18. Lezio:
    Let's assume that there is migration in a low but significant percentage of a light phenotype.. say: 5% of the population.. and in addition there is some environmental advantage for this phenotype for various reasons.. (perhaps a less hostile environment.. or an advantage in finding a mate) for evolution in the given situation, there is no need to choose A unique allele from zero.. and the spread of the trait can be much faster. For example: a mixed couple with 3 children when one of them has a very bright appearance, let's say he is the only one who had children, there is more chance that his children will be bright like him and so on.. (as in artificial selection which can be very fast..)

  19. to David,
    It probably takes many, many generations! There is no other example of color changing so quickly.
    Blacks in America 400 generations - no change.
    The whites in North Africa, 3000 years, no change.
    The Asians in Indonesia, thousands of years, without change..

    From a historical point of view it is important to note that even if the exile was significant around the years of the Holocaust
    (And here, too, there are many problems of numbers and the ability of the Romans to perform such an act)
    It should be remembered that Judaism spread widely throughout the Roman Empire also based on Jewish and Roman evidence
    About large communities developed in Rome in the Levant (among the barbarians for example). In the interior of Europe in Lebanon, Syria and Egypt.
    They have distinct Jewish symbols including Jewish burial.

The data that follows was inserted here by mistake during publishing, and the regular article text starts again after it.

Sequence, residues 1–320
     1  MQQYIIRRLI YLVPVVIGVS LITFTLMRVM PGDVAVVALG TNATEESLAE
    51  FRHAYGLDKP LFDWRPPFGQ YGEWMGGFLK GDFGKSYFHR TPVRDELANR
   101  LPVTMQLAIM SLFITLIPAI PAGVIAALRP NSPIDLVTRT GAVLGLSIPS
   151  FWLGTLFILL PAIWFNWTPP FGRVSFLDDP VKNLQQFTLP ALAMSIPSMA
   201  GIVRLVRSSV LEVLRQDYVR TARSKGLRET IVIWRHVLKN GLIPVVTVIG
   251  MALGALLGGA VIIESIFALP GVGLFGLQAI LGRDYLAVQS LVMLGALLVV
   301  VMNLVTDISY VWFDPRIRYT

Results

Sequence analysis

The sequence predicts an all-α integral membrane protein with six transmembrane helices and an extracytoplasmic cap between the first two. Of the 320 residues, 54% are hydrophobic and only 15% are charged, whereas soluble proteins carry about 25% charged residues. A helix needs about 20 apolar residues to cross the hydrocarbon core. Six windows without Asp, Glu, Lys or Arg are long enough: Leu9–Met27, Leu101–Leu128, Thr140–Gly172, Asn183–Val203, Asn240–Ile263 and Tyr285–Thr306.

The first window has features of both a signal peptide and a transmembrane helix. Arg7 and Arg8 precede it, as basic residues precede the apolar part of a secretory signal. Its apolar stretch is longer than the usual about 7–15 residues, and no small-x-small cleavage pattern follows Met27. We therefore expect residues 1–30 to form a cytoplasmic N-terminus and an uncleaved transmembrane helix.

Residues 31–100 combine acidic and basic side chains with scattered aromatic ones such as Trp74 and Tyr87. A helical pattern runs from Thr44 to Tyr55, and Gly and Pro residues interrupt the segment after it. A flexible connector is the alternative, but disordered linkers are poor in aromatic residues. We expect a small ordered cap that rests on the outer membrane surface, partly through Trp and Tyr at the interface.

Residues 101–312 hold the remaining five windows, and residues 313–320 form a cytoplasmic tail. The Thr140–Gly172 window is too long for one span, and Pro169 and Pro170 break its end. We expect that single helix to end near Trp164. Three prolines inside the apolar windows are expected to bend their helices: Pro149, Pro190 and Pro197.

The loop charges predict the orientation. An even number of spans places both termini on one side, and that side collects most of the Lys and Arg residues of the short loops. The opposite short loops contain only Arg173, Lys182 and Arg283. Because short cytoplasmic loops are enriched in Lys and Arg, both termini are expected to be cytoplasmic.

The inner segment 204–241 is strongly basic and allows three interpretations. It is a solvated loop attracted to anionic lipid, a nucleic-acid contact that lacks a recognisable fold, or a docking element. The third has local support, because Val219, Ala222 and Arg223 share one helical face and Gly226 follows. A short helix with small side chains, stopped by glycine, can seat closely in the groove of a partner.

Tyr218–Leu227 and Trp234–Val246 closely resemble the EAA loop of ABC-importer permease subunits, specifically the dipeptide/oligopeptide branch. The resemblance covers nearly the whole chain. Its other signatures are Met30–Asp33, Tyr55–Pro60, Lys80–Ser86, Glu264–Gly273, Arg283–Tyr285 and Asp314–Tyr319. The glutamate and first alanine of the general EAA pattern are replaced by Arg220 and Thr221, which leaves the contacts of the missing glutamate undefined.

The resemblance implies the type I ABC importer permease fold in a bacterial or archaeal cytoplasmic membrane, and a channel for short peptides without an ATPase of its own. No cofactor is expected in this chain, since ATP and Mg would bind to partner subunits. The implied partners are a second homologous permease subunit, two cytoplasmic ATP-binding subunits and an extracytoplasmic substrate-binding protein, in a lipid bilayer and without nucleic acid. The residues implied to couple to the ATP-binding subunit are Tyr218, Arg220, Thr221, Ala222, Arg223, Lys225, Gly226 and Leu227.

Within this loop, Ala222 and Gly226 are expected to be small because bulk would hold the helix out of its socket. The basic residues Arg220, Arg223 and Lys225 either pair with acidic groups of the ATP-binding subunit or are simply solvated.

Before Christianity conquered Rome, it was Judaism that threatened to become the dominant religion in the empire!
    In order to reach a spread of this magnitude, a mass conversion is necessary, which was probably acceptable in those times.
    Therefore, there may be a large bias in the results of the study.

  20. Tori
    Indeed the external appearance shows the geographical area where they originally developed North/Southeast/West
    But there are exceptions
    See how many Druze in our country are blonde with blue/green eyes and there is an explanation for this too
    Regarding Masuda Menhariya (yes, I understood that the intention was a bit of a homer) but you missed it
    Compared to the last sentence which was more successful

  21. A theory that supports the "change of appearance"
    Dark skin helps survival in warmer areas (skin cancer) - therefore, those with dark skin will be more likely to inherit genes to their offspring. Thus, from generation to generation, Jews (and non-Jews) in a warm climate - will be slightly darker
    Light skin helps survival in colder areas (better absorption of vitamin D) - therefore, those with light skin will be more likely to inherit genes to their offspring. Thus, from generation to generation, Jews (and non-Jews) in cold climates - will be slightly lighter
    The remaining question - how many generations are supposed to pass until the change is visible